The Divine Dialogue of God with the Soul
Weekly Reflection by Mother Marie Julie, SCMC
My Dear Good People,
In today’s Gospel we hear a beautiful story from the Master story-teller, Jesus. He tells us about a land owner who is out looking for workers for his vineyard. He finds one person who agrees to the daily wage and sends him out, and them he hires another a few hours later, then a third. Finally, he hires a worker at the last hours of the day. When it comes time for them to collect their pay, the last person hired receives the full day’s wage. The others seeing that, of course expect that they will receive more, according to the hours they worked. When they each received the same daily wage they begin to grumble: ‘I have worked more hours than he, so I should get more.’ But an agreement is an agreement. The land owner asks, ‘Are you jealous because I am generous?’
What is Jesus telling us?
I know that some of you who read this may be concerned about loved ones who seem to be away from the practice of their faith. We receive many requests for prayers for this intention. I believe that this Gospel may serve to give us hope. The temptation might be to ‘give up’ because there is no hope for the person we’ve been praying for: ‘It’s too late.’ But Jesus says that’s just not true. He tells us that even those who come to Him in fidelity at the last hour will receive His mercy in abundance. His kingdom doesn’t depend on hours or days or years of practice of the faith, although we certainly want the people we pray for to enjoy the blessings of our Catholic faith–the Sacraments, the Liturgy, the rituals. But if that hasn’t happened, there should still be an unshakable confidence that God hears our prayers, and loves our loved ones more than we do.
He is generous and wants only to give us all He has no matter how long we might have been away from Him. That seems counterintuitive to us who measure by human standards. But God’s ways are not our ways. Let us not give up hope for those who need our prayers. Nor should we ever give up hope for ourselves when we have sinned, even seriously. We have a God who loves us beyond anything we could ask or imagine. If He could forgive the thief on the cross (who, by the way, confessed that he himself deserved to be crucified), and promise him heaven that very day, would He do less for us, or for one we love?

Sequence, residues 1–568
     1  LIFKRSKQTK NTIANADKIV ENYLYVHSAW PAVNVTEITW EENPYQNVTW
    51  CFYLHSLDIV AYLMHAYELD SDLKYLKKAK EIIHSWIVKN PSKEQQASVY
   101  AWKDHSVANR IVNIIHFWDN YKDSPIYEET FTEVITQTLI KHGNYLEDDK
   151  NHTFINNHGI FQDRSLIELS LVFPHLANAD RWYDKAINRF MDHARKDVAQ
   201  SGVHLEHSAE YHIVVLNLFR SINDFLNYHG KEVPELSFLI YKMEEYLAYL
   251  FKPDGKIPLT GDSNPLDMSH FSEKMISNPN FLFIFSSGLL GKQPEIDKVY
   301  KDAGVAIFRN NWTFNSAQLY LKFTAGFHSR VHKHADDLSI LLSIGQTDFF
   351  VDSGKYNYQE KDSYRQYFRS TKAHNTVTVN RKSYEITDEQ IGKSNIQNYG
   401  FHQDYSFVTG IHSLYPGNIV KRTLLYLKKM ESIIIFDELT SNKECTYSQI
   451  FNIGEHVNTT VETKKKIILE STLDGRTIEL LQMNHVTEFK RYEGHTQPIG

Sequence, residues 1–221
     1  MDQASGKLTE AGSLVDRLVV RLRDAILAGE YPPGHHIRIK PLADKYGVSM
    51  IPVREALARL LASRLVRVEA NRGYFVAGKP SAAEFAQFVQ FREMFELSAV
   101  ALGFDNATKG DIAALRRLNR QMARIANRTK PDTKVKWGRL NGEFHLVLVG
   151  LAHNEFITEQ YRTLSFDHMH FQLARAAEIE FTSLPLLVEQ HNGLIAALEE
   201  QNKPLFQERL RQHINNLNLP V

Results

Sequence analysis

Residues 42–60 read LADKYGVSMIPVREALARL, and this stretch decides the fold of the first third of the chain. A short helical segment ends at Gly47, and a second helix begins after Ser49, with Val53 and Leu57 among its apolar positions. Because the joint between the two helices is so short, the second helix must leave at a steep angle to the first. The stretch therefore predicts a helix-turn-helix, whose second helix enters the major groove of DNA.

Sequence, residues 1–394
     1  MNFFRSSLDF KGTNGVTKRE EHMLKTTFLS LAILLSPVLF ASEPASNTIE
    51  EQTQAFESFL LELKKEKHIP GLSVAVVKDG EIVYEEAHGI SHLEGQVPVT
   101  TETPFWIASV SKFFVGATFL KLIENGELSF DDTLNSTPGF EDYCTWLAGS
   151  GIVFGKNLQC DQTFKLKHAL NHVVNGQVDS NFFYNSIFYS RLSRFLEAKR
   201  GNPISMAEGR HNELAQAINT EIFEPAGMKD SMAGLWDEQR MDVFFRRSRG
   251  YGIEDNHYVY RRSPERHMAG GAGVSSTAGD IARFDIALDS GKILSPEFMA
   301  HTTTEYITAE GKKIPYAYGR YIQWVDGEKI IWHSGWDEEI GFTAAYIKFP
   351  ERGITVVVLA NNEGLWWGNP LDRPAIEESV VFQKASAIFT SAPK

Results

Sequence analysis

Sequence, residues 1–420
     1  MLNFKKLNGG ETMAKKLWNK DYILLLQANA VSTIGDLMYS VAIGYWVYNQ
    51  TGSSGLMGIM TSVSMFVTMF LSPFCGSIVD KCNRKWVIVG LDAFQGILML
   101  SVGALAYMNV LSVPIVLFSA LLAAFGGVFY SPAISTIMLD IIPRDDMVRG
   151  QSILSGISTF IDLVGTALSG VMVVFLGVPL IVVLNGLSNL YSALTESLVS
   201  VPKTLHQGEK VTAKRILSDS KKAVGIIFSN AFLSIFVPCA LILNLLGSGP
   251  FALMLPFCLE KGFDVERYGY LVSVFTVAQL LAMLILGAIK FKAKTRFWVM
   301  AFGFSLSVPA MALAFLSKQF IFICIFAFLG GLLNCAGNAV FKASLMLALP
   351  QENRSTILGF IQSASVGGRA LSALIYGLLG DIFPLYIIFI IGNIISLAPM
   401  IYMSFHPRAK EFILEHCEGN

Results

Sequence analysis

I recall reading something once that might have been only a point of illustration, but surely describes a moment that would happen between God and the soul. A person was praying desperately for her brother who was a terrible sinner and was far from God. She was about to give up, thinking her prayers were worth nothing, when Jesus appeared to her and asked, “If he were My brother, and I asked you to save him, would you not do so for Me?” She answered, “Oh, Jesus, you know I would.” Jesus replied, “Then do you think I would do less for you?”
Let us never give up praying for those we love who seem to be away from the Lord. Like the vineyard owner who gave everythig to the worker who came only at the last hour, Jesus is ready to pour out His mercy on everyone. We can’t make it happen by ourselves, but He is always seeking out those who don’t even know they want to be found. He does hear our prayers.
May God give you peace.
With loving prayers,
Mother Marie Julie
and the Sisters of Charity of Our Lady, Mother of the Church